The Company recently published its unaudited first quarter (Q1) 2021 consolidated financial statements for the period ended 31 March 2021.

READ: GSK Consumer Nigeria Plc records 3.34% increase in 2020 9M revenues

The results were less than impressive with several key indicators showing a year-on-year decline. For example, Group revenue (turnover) declined from ₦4.99 billion in Q1 2020 to ₦3.46 billion in Q1 2021 a drop of over 30.66%. The revenue drop was due to a sharp decline in the local sale of its healthcare products.

Total loss after tax as of Q1 2021 was ₦238.07 million compared to a profit after tax of ₦113.47 million for the same period to Q1 2020.

The company is essentially divided into two segments viz: Consumer Healthcare and Pharmaceuticals. While the Healthcare segment was largely profitable in Q1 2021 (making a profit before tax of ₦ 8.73 million by March 31, 2021, the pharmaceuticals segment made a loss of ₦262.93 million in the same period.

READ: GlaxoSmithKline Nigeria announces changes in its board

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The Consumer Healthcare segment of the company consists of oral health products, digestive health products, respiratory health products, pain relievers, over the counter medicines, and nutritional healthcare; while the pharmaceutical segment consists of antibacterial medicines, vaccines, and prescription drugs. While goods for the consumer healthcare segment are produced in the country, the pharmaceuticals are all imported.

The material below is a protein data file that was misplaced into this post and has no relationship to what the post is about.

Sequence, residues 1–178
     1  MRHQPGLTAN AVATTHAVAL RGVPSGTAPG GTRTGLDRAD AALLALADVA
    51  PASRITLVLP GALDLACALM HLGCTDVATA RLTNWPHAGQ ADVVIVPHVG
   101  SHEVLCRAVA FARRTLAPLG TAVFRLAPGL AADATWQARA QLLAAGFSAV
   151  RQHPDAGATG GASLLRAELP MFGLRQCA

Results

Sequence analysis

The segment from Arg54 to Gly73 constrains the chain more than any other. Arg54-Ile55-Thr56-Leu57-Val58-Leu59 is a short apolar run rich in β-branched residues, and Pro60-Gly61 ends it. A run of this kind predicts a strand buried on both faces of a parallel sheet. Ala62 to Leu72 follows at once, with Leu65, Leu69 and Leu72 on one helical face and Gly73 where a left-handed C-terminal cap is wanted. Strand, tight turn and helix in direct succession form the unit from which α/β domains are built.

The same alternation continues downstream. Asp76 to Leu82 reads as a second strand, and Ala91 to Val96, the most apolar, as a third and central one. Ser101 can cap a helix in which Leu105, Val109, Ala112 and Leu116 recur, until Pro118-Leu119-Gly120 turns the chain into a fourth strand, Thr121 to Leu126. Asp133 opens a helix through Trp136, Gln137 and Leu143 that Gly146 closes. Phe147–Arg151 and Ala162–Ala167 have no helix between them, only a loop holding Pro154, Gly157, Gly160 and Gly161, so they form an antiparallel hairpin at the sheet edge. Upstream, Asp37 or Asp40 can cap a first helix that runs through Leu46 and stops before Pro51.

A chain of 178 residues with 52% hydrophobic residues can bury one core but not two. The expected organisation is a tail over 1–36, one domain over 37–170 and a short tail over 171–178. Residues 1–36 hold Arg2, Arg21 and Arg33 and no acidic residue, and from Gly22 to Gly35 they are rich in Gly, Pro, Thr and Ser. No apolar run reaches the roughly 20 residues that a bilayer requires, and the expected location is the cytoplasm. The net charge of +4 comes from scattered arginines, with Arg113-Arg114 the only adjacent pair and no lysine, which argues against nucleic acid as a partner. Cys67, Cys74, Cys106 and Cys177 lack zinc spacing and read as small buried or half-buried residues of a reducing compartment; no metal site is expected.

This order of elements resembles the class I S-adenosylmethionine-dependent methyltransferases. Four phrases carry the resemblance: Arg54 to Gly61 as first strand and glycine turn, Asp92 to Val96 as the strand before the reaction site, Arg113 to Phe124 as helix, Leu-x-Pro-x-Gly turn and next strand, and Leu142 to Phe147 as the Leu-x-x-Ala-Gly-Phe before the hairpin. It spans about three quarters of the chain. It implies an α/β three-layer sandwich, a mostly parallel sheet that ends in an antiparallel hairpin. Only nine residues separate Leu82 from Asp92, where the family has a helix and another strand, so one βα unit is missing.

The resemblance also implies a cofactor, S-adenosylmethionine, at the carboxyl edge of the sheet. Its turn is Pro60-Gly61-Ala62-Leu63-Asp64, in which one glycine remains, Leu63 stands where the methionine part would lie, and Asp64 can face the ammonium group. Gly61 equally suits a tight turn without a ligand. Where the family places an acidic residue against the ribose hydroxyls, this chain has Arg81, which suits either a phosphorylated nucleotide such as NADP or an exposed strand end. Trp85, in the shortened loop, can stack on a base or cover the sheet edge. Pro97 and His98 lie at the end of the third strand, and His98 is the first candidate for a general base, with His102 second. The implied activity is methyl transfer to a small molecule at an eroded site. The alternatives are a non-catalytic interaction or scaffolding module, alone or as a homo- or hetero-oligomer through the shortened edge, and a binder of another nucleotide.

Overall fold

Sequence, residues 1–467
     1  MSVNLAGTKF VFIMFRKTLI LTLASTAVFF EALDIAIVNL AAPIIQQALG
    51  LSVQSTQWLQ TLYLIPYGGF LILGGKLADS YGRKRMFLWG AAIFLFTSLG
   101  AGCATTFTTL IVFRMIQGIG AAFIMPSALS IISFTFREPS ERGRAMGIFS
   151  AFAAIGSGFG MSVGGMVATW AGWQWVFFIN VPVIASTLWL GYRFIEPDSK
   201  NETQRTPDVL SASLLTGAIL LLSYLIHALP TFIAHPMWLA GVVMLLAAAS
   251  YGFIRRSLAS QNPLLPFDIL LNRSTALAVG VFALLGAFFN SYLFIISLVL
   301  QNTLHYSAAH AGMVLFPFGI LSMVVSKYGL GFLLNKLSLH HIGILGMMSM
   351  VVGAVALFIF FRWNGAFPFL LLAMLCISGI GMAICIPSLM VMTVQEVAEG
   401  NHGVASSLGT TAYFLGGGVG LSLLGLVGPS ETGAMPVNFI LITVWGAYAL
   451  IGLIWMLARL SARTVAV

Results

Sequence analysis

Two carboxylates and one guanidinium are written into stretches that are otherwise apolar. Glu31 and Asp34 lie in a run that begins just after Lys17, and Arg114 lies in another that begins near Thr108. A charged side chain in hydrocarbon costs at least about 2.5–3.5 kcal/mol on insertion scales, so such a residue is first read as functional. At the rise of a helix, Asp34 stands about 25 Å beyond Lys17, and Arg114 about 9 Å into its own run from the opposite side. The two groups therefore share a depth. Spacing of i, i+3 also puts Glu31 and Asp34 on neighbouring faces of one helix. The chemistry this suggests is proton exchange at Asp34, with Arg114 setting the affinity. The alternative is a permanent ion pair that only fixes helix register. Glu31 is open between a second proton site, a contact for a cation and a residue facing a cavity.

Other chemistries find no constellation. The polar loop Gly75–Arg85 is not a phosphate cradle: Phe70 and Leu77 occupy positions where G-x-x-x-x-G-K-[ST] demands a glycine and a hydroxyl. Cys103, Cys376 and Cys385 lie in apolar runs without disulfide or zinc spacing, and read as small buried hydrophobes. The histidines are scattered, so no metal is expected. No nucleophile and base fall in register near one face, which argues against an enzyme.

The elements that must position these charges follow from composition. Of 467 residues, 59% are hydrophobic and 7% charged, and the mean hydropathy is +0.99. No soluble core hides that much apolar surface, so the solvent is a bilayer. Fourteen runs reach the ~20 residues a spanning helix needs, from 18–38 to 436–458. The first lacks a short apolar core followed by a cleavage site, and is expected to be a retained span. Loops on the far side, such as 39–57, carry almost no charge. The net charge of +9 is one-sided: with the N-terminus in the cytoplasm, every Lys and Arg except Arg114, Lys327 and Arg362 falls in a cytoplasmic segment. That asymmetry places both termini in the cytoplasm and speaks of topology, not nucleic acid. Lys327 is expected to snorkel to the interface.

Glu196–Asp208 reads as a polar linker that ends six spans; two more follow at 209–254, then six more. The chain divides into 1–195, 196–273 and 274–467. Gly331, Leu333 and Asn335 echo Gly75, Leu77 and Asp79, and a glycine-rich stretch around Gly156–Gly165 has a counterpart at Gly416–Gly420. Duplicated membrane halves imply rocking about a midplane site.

The largely imported pharmaceutical products are thus exposed to the vagaries of foreign currency fluctuations coupled with a negligible to no revenue from the foreign sale of its healthcare products (same as in Q1 2020) as it barely exports its products out of the country.

The cost of importing the antibacterial, vaccines and prescription drugs, and the significant local operating expenses wiped off the marginal gross profits made by the pharmaceutical segment of the company. In effect, the gross profit of ₦508.12 million made by the pharmaceutical segment of the company was eliminated by an operating expense of ₦735.7 million and this resulted in a net loss for the pharmaceutical segment of the business.

READ: Nigerian Breweries posts N7.66bn as Q1 2021 profit, shares gain 2.2%

Apart from the impact of imported pharmaceutical products as already discussed, other issues that affected the company’s Q1 2021 results and are likely to continue to affect its performance in future include: